Collaboration between northern First Nations, Metis leads to pipeline partnership
Investments from the private sector, coupled with $40 million in loan guarantee support from the Alberta Indigenous Opportunities Corporation (AIOC), and a partnership with Suncor Energy will allow eight Indigenous communities from northeastern Alberta to share $16 million in annual revenue from the Northern Courier Pipeline System.
In 2019, Suncor obtained the rights to TC Energy's 15 per cent of the pipeline. The 90 km Northern Courier carries bitumen/diluent from the Fort Hills Oil Sands project to the East Tank Farm. The $1.3 billion purchase was made with the intention of forming a partnership with the eight Indigenous communities.
For more than two years, the Indigenous communities in the Regional Municipality of Wood Buffalo-the First Nations of Athabasca Chipewyan, Fort McMurray, and Chipewyan Prairie and the Metis communities of Fort McKay, Willow Lake, Conklin, Fort McMurray, and Fort Chipewyan-have been in discussions with the AIOC to secure a loan guarantee.
The formation of the Astisiy Limited Partnership now sees the Indigenous communities owning a 95 per cent share of the pipeline, and Suncor the remaining five per cent. Suncor will continue to operate the line.
“We've been here for generations throughout the region. This is the only region you really see that collaboration, that cooperation between First Nations and Metis. It's something to aspire to for the rest of Canada,” said Ron Quintal, president of the Fort McKay Metis Nation.
“We are realizing real tangible economic reconciliation.”
“The Astisiy partnership is going to provide stable and structured income for eight Indigenous communities and this is a huge step forward in economic reconciliation,” said Mark Little, president and CEO of Suncor.
“We went out to a number of investment groups to be able to collectively raise the funds and what AIOC has done is essentially guaranteed $40 million of that investment,” said Quintal, who is quick to add that having Suncor back the effort with “billions of dollars in assets helped put together the loan package.”
The Indigenous communities are not equal parties in the venture.
“Over the last two years there was a number of negotiations that went on between Suncor and the Indigenous communities in terms of putting together an equation that calculates essentially what everybody's shares would be,” said Quintal.
The three First Nations have the “lions share of the ownership,” he says, but Fort McKay's 11 per cent ownership represents the largest share for Metis communities.
That ownership translates into $1.6 million guaranteed annual revenue for Fort McKay for 30 to 40 years, says Quintal. About $300,000 annually for the next 18 or 19 years will go towards servicing the loan and building a fund for eventual reclamation of the line.
But that still leaves $1.3 million annually going into community coffers.
“The great thing (is) we can use it for whatever we like,” said Quintal.
“We want to use the money to invest in our kids, to get them the best education they can, send them to university and invest in our future. That's really what this money is for, an investment in the future development of our community.”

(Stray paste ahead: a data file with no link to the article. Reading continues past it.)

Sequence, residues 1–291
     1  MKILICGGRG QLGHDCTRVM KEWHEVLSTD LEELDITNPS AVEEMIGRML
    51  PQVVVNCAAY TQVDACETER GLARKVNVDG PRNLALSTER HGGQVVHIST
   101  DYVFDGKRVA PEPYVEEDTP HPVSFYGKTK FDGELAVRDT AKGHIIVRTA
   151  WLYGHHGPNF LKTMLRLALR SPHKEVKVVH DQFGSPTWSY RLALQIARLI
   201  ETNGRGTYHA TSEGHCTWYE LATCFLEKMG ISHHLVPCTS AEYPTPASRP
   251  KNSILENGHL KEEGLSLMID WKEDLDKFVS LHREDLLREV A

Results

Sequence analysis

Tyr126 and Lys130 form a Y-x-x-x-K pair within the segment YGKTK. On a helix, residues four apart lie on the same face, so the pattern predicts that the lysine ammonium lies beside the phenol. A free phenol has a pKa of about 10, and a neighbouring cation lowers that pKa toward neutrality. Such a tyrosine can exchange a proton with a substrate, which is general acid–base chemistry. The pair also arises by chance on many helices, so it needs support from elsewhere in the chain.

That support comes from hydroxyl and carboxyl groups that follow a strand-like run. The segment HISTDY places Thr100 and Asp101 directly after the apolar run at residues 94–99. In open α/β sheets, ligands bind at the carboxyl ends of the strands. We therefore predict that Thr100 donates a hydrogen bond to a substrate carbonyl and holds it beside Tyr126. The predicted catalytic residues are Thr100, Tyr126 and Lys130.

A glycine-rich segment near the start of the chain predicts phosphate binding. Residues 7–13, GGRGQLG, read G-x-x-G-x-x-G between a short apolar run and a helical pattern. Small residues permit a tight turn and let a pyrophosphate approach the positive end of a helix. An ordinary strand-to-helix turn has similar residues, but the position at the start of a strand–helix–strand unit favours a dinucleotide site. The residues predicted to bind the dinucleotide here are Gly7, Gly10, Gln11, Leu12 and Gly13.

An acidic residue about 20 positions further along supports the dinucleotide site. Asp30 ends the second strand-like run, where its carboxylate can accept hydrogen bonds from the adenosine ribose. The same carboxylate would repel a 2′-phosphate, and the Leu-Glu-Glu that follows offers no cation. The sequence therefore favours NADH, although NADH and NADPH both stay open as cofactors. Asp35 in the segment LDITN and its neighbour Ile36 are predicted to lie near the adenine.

Along with education, the money will be used for infrastructure, services and programs.
Some of that money will also go into the community's Heritage Fund, which is “locked in” for 40 years. Contributions to that fund also come from the Fort McKay Group of Companies (FMGOC), which last year, says Quintal, generated more than $100 million in gross revenue.
Revenue from the many impact benefit agreements and long-term sustainability agreements that have been signed with oilsand operators, as well as revenue generated by FMGOC have already benefited the community, which will see a new fire hall, community centre, school, home renovations and community beautification, such as sidewalks, curbs and street lights.
“We're the only community that's declared self-government. We have our own lands, own housing, own constitution,” said Quintal. “It's all translating into something that's very exciting because the community is buying into it. The community is loving the results that we're seeingâ€¦ You look at Fort McKay today compared to two years ago and you'll see a huge change.”
Quintal says he's not worried that climate change initiatives will undermine this partnership.
“We look at green technology or moving towards addressing climate change. The oilsands is doing that. They're investing money to look at carbon capture technology. Something else we're also using the revenues for in the community is investing in green technology. We're investing in renewables,” he said.
Quintal points to solar panels recently installed in Fort McKay that will produce green energy and subsidize cost for electricity for members.
This is the first loan guarantee approved by AIOC for Metis communities.
“Launching the Alberta Indigenous Opportunities Corporation was our way to change the outcomes for more Indigenous communities so you would no longer miss out on the prosperity of the lands of your ancestors and for your grandchildren,” said Indigenous Relations Minister Rick Wilson in a virtual launch event Sept. 16.
“The project shows the true meaning of reconciliation because it's supported and acted on in a positive way.”
The East Tank Farm is another joint partnership between Suncor and the Indigenous community. In 2017, Fort McKay First Nation and Mikisew Cree First Nation purchased a 49 per cent ownership in the East Tank Farm, located approximately 30 km north of Fort McMurray.